“My Zestimate jumped”
Often times, there is a sharp change in the Zestimate shortly after a home comes on the market, in what appears to be the Zestimate adjusting to the listing price. This is why some real estate professionals view the on-market Zestimate as laughable, saying it merely mirrors the listing price. In fact, listing price is one of what we estimate to be 30 key factors that influence the algorithm. Putting it together, on-market Zestimates are more accurate because they incorporate more data.
The rush of data comes when a home is listed for sale, as homeowners submit detailed information to Multiple Listing Services (MLSs) of a home’s description, square footage, number of bathrooms, along with the official appraisal-based list price. Zillow receives this information through its direct feeds from hundreds of MLSs. In addition, on-market Zestimates factor in comparable home sales in the area, number of days on market, number of views on Zillow, along with location characteristics such as school districts, walkability, and crime rates.
In terms of capturing the qualitative aspects of a home from listing photos, since 2019 Zillow has used “neural networks and computer vision to distinguish between high and low-end finishes and to incorporate the value of features like updated bathroom fixtures, fireplaces, and remodeled kitchens.” While we don’t believe this capability is at the level of human expertise today, past experience (ImageNet) tells us that with time and repetition it will likely surpass it.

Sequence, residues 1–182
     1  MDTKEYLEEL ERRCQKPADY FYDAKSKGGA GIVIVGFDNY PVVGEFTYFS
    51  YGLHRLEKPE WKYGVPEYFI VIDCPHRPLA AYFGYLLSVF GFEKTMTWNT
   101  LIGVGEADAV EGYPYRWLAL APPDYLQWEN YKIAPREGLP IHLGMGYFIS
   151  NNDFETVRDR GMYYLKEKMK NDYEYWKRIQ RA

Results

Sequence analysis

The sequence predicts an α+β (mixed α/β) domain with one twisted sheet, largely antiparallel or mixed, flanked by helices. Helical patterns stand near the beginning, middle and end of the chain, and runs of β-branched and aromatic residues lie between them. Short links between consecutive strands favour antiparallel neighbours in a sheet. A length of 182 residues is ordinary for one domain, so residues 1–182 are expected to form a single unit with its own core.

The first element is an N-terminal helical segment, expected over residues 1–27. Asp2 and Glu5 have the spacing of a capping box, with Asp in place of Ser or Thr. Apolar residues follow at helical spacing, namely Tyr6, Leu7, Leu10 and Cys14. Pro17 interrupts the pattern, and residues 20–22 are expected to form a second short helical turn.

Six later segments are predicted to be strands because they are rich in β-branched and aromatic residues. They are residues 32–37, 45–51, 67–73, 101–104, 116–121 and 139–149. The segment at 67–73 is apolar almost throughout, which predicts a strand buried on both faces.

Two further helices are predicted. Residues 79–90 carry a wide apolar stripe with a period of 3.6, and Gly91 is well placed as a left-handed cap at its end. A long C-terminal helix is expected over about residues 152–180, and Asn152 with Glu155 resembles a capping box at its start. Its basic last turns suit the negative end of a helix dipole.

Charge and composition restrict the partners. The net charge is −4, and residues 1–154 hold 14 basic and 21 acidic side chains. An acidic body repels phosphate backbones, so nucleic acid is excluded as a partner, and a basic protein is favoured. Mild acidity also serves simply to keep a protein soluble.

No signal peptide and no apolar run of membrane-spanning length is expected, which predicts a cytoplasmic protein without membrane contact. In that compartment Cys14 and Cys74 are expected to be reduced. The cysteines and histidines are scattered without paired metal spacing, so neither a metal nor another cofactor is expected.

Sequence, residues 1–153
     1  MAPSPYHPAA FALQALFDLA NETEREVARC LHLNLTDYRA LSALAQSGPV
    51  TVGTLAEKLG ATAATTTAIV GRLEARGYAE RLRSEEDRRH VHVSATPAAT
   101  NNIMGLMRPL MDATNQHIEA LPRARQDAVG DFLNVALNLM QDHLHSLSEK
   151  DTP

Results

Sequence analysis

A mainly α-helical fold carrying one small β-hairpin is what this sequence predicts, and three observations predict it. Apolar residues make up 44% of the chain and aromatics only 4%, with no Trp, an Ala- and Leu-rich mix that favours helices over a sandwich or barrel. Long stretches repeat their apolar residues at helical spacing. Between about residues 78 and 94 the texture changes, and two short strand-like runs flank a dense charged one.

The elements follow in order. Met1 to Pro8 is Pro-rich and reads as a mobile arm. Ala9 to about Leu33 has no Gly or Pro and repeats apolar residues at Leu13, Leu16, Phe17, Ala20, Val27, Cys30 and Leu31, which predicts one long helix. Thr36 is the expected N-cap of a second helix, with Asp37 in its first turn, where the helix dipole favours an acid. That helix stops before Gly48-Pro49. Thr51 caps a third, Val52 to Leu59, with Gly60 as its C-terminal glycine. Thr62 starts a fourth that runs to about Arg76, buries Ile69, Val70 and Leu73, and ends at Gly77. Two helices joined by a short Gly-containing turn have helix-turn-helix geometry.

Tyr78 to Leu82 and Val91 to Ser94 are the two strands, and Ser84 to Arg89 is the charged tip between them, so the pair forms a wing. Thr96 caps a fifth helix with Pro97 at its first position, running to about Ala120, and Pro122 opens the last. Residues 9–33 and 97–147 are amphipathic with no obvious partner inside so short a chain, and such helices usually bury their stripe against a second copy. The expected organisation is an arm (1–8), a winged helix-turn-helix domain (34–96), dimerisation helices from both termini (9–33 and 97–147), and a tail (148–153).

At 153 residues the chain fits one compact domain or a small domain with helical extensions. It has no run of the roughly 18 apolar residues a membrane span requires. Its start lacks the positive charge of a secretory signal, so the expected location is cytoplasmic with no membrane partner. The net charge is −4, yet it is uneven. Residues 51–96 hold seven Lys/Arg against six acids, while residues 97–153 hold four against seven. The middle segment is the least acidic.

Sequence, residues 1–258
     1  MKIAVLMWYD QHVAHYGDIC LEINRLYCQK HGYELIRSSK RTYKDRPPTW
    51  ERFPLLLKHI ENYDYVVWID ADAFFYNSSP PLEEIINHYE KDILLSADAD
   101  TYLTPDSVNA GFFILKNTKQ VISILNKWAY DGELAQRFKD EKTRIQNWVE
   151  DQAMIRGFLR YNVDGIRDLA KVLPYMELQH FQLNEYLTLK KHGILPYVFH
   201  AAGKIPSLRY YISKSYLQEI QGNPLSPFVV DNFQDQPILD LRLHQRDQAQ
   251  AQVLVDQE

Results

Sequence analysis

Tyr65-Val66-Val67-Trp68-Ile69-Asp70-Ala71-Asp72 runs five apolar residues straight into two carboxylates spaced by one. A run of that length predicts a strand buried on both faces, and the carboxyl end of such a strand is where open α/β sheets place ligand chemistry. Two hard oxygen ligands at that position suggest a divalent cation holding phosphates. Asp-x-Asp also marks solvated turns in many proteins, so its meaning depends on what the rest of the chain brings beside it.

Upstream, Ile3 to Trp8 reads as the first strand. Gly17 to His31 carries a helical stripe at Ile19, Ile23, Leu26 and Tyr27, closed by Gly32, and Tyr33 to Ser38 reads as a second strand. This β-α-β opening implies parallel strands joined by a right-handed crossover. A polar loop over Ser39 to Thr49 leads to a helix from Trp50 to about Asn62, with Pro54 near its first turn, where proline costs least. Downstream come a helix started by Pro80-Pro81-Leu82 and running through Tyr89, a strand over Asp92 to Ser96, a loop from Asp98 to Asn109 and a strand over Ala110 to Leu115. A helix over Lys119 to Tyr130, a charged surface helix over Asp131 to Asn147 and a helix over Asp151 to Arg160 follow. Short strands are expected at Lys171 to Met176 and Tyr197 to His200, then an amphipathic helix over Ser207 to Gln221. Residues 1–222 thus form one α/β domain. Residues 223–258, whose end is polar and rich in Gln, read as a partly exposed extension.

Humans vs. the Zestimate
The above data show the Zestimate has a long way to go. That said, humans aren’t perfect at estimating real estate value either. To ballpark human accuracy, we looked at 30 recent home sales in the Duluth, Minneapolis, and Saint Paul areas to compare the initial list price against each home’s final sale price. We found 70% of the time humans were accurate within 5%, which compares to 38% and 85% for off- and on-market Zestimates, respectively.
While our sample is small, at a minimum it shows that, regardless of whether it’s a human or a machine, estimating real estate value is complex, as it must account for many factors, including unpredictable ones like market psychology.
Perfecting the Zestimate will take time
The Zestimate’s accuracy is key to the success of Zillow 2.0:
- If the live Zestimate undershoots, Zillow won’t build inventory. Regardless of whether it’s a machine or a human, if you bid too low, you’re not going to get the house.
- If the initial live Zestimate overshoots and the company must materially lower its final cash offer after an in-person inspection, consumer trust will erode.
At first take, the above data appear to show there is risk in Zillow standing behind the Zestimate to accurately price and profitably exchange homes. In reality, that’s a manageable risk because Zillow will start with a small subset that’s in its pricing sweet spot, and there will be a human inspection before a final offer. The reason Zillow needs to get the Zestimate right is for brand and trust building.
The fundamental question is whether a machine will eventually be capable of consistently appraising the value of a home better than humans. We are long-term believers in the power of AI, and see appraising home values as a wheelhouse machine learning use case. The question is how long will it take before the US housing market trusts the Zestimate. Our prediction is five years.